Many leaders have their list of favorite authors: Kotter, Maxwell, Whitaker, Collins – to name a few. When I want to learn about something new, my first reaction is to immerse myself in text about that subject. Based on this reading and research I have developed some go-to beliefs and practices, which help guide my decision making on a daily basis.This November I close in on my first full year in an official leadership position. I obviously still have a lot to learn and experience, but I have made one clear conclusion this year. I now know there is one thing that differentiates a great leader from just a leader by title and this ultimate differentiator can be summarized in just three words. Great leaders: Do. The. Work.
I love to read. I enjoy theory, but theory can get in the way of progress. When leaders spend too much time talking and not enough time experiencing, experimenting, and listening, we are impeding the progress of our organizations. Leadership 101 told you to set a vision and most districts and schools have visions or goals recorded somewhere. An unfortunate, yet common, setback is spending too much time reading or discussing our practice and not spending enough time actually practicing. If a vision is presented and then teachers are left in hamster wheels spinning away, real work is not getting done. Help disassemble the hamster wheels, lay the new track in the right direction, and connect the tracks to establish teamwork and collaboration for your faculty. Do. The. Work.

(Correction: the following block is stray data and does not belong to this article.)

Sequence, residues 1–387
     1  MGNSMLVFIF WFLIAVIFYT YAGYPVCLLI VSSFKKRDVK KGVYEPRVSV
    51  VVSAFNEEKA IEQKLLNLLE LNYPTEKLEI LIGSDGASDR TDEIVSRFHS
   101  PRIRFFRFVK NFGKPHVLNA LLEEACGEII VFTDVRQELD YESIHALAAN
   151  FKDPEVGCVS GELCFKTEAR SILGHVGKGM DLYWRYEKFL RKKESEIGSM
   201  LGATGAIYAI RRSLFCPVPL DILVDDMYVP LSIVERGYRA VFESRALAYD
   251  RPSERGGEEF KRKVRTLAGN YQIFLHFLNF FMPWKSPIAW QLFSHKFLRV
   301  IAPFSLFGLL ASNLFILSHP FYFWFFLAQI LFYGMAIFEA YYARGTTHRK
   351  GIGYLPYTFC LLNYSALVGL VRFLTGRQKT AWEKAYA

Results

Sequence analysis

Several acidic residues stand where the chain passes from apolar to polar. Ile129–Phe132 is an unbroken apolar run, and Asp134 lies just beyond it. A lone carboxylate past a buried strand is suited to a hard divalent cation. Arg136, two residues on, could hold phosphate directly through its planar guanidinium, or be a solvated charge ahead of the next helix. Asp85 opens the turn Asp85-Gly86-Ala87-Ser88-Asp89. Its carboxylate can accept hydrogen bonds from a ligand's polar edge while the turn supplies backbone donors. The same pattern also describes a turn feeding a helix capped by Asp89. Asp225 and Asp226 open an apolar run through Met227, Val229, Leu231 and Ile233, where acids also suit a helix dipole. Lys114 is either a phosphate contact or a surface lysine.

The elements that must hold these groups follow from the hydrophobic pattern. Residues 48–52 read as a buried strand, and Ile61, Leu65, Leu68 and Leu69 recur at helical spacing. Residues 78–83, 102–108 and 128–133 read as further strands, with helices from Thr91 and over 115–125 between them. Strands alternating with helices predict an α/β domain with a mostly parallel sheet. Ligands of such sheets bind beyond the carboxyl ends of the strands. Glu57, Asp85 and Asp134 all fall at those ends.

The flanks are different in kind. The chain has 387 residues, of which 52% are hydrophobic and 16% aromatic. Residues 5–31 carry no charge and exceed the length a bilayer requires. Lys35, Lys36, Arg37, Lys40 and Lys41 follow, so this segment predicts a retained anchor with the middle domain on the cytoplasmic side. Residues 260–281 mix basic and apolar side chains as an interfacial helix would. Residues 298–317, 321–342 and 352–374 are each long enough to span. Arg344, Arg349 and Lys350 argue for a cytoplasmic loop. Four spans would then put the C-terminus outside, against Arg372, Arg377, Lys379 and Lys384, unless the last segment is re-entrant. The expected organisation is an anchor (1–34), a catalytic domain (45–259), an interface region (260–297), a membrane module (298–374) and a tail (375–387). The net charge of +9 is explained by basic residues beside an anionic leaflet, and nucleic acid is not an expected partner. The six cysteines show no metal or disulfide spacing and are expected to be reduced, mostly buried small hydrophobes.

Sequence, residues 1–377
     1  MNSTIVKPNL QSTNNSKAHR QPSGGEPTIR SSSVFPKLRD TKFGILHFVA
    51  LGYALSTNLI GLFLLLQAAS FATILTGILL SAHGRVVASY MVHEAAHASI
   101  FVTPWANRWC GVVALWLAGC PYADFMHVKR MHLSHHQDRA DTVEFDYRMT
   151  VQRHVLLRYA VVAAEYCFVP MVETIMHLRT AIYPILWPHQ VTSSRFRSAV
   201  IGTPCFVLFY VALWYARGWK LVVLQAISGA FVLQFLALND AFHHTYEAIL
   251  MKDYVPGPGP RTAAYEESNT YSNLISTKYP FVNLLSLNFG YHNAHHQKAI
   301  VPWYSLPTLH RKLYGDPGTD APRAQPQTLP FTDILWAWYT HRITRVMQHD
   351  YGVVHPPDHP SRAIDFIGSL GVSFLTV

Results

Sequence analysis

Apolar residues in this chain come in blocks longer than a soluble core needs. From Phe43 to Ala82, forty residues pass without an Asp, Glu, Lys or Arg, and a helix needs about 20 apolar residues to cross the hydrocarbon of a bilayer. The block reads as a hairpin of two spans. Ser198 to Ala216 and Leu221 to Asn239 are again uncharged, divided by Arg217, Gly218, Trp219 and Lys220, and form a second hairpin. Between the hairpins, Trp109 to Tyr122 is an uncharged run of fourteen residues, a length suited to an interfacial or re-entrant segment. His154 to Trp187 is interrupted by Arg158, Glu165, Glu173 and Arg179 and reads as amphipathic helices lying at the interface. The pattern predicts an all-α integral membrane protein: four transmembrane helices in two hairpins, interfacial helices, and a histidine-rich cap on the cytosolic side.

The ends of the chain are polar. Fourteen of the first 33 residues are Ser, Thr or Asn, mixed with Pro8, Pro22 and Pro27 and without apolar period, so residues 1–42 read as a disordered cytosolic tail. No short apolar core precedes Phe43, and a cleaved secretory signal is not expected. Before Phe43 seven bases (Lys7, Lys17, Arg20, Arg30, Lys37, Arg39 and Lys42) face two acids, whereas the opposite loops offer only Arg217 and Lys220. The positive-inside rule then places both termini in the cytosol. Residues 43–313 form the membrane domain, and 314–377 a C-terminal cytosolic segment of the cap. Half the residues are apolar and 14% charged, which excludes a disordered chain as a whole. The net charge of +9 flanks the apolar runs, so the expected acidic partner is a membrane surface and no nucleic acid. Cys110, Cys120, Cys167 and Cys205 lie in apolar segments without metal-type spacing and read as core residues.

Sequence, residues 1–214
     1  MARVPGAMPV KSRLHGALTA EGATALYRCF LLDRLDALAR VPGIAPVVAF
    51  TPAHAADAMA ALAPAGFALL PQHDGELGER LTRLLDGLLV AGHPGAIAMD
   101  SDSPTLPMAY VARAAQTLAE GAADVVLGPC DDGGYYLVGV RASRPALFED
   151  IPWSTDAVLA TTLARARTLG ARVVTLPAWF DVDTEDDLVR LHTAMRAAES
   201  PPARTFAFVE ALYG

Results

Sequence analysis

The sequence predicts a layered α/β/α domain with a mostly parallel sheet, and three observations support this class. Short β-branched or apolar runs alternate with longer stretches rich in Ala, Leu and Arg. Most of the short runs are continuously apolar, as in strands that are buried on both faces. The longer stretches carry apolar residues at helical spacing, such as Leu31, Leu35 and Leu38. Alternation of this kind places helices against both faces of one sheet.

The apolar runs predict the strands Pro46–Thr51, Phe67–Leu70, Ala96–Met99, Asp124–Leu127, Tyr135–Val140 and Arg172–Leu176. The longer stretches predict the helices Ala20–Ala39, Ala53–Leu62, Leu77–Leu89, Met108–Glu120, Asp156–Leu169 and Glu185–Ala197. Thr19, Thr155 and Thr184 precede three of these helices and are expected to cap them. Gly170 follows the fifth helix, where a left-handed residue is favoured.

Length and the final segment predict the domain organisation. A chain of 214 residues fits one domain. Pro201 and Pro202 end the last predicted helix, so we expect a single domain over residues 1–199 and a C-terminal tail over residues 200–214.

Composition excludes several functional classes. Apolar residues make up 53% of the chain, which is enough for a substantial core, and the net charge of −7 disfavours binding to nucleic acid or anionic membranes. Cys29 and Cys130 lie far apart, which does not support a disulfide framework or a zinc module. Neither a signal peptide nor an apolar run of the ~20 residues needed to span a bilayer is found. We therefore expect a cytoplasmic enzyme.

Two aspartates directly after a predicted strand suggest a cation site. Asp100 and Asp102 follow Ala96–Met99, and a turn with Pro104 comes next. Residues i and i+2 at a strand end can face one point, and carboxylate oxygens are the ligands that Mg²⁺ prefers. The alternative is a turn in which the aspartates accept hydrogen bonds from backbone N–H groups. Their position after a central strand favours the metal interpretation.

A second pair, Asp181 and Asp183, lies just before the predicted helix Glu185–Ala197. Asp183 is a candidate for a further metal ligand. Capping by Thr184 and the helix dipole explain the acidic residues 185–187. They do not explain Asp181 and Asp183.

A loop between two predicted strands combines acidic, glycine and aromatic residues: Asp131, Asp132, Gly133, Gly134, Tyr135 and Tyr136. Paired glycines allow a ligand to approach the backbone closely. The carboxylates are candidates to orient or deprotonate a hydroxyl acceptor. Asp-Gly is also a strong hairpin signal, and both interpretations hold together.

What does doing the work look like?
1. Go to planning meetings.
When teachers meet to discuss or plan instruction, be there. This is your opportunity to provide job embedded professional development. Help locate quality resources or instructional practices. The implication here is not that these meetings become administrator led. Instead, I encourage you to become an organic member of the group. Provide coaching when necessary. Share your input when appropriate, but most of all, be a good listener.
2. Spend time in classrooms to support teachers who are taking risks.
Teachers, like students, are looking for feedback. In order for our feedback to be timely and specific – necessary characteristics of effective feedback – we must be present in classrooms. Encourage teachers to invite you if there is a lesson of which they are particularly proud, but make visibility a priority. Not receiving a direct invite is not an excuse for poor visibility. Which brings me to my next thought…
3. Listen to what your building needs, and take action.
If you are out in your building or district listening, needs will become apparent. We need to be proactive with this information. Even if a teacher or student has not asked a direct question or directly expressed a concern, take action. This works wonders for building morale.
4. Do paperwork when students and teachers are not in the building.
Seeing a pile of papers on my desk is a challenge for me. I hate the idea of paperwork hanging over my head, but the paperwork still exists when the students and teachers are gone for the day. Make the time with people the priority. There are plenty of other things – behavior issues, crisis situations, etc – that absorb your time, but paperwork we can control.
DO NOT throw theory out the window.
As I mentioned earlier, I love to read. I am not implying that we should stop reading or exploring. When a new theory is presented the next question should be, now what? How does this affect our practice? What will we DO next? Use your colleagues, PLN, or an EdCamp to explore and discuss actionable steps. Ask questions and probe for concrete examples. But then, most importantly, come back to your organization and Do. The. Work.
How do you translate theory into action in your district?